Our brain is one of the most important organs of our body. Not only is it responsible for our thoughts and feelings, but it’s also responsible for things like memory, senses like taste and smell, as well as movement. So just how does the brain work? Through electricity and chemical messengers known as neurotransmitters, which cause the nerve cells (also known as neurons) to either fire or stop firing. When it comes to epilepsy, a seizure can occur when the normal electric balance of the brain gets lost and causes the neurons to misfire. This can then result in a sudden, uncontrolled burst of electrical activity from the brain, resulting in the seizure. There are three different classifications of seizures and they are generalized onset seizures, focal onset seizures, and unknown onset seizures.
Generalized Onset Seizures
These types of seizures can affect both sides of the brain and includes tonic-clonic, absence, or atonic seizures.
During a tonic-clonic seizure, the tonic phase comes first and can result in stiffening of muscles, air being forced past the vocal cords, which may cause a groan-like sound, and loss of consciousness. An individual may also bite their tongue during a tonic-clonic seizure. Following the tonic phase, the clonic phase sets in and can result in rapid movement or jerking of the arms and legs. A tonic-clonic seizure lasts anywhere from 1 to 3 minutes before consciousness slowly returns, and the individual may feel sleepy as well as confused and/or irritable.
An absence seizure, which is the most common type of seizure, can occur so quickly that an individual may not even be aware that something is wrong. Someone experiencing an absence seizure may appear as though they are staring off into space, and their eyelids may also flutter. An absence seizure generally lasts no longer than 10 seconds. There are typically no post-seizure effects from an absence seizure, and the individual is able to carry on what they were doing before the seizure occurred.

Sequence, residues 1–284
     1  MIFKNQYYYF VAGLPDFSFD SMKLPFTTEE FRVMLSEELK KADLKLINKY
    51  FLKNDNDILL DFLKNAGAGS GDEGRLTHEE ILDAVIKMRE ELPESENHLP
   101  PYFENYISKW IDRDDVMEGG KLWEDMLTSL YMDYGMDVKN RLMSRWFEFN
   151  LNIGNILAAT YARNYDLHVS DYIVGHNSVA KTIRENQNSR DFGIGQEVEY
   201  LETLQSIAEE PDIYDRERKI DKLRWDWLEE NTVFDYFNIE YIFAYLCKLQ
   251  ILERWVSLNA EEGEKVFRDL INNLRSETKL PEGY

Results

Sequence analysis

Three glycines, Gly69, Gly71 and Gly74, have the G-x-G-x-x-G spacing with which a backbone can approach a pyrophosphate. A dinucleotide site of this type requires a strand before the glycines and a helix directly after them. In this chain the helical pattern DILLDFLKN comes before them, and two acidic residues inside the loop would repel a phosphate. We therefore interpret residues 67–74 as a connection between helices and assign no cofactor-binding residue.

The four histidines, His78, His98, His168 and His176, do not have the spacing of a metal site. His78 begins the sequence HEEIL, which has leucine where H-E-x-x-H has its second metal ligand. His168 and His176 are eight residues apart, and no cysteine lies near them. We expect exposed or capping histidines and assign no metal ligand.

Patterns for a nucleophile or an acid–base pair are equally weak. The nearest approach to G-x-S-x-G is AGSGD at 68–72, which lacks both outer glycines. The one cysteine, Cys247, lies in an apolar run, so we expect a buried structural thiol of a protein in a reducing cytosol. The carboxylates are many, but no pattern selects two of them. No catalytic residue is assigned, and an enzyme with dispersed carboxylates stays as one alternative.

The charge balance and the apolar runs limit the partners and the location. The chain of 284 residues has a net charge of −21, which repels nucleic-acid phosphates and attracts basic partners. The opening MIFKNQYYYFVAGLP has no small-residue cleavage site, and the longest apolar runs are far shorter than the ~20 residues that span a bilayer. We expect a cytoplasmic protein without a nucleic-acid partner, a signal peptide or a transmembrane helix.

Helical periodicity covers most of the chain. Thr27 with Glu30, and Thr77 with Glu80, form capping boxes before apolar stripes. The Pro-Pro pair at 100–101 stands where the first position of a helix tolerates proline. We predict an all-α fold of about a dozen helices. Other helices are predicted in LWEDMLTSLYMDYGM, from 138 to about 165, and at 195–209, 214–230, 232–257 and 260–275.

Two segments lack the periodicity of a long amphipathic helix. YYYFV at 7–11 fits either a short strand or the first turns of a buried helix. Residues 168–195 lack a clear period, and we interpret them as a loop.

With an atonic seizure (also referred to as “drop attacks” or “drop seizures”), muscles become limp, eyelids may droop, and a person may fall to the ground which can result in injuries such as sprains, broken bones, and even head trauma. An atonic seizure generally lasts for approximately 15 seconds. Following an atonic seizure, a person can often go back to what they were doing prior. However, they may feel confused or need to rest for a short amount of time.
Focal Onset Seizures
Focal onset seizures can occur when a person is awake and aware what is happening to them; or, their awareness can be impaired. During a focal onset aware seizure, the individual may feel “frozen” and unable to respond while the seizure is occurring, but will be able to recall events during the seizure once it has passed. A focal onset aware seizure is usually brief and lasts less than 2 minutes. During a focal onset impaired awareness seizure, formally known as a complex partial seizure, your level of awareness may change and you may not even be aware that anything is happening.
Unknown Onset Seizures
A seizure can be considered an unknown onset seizure if it is not witnessed by anyone or of it is unknown why the seizure occurred. Upon further consultation with medical professional, such as a family physician like Dr. Ali Ghahary or a neurologist, an unknown onset seizure may be later diagnosed as being a focal or generalized seizure.
In the even that you witness someone having a seizure, it is important that you stay with the individual until the seizure ends and he or she has regained consciousness, and reassure them that everything is okay. During the seizure, it’s important that you do not hold the individual down to try and stop their movements. Following the seizure, gently roll the individual onto their side to help keep their airway clear. If the seizure lasts longer than 5 minutes or the individual has back-to-back seizures, call 911.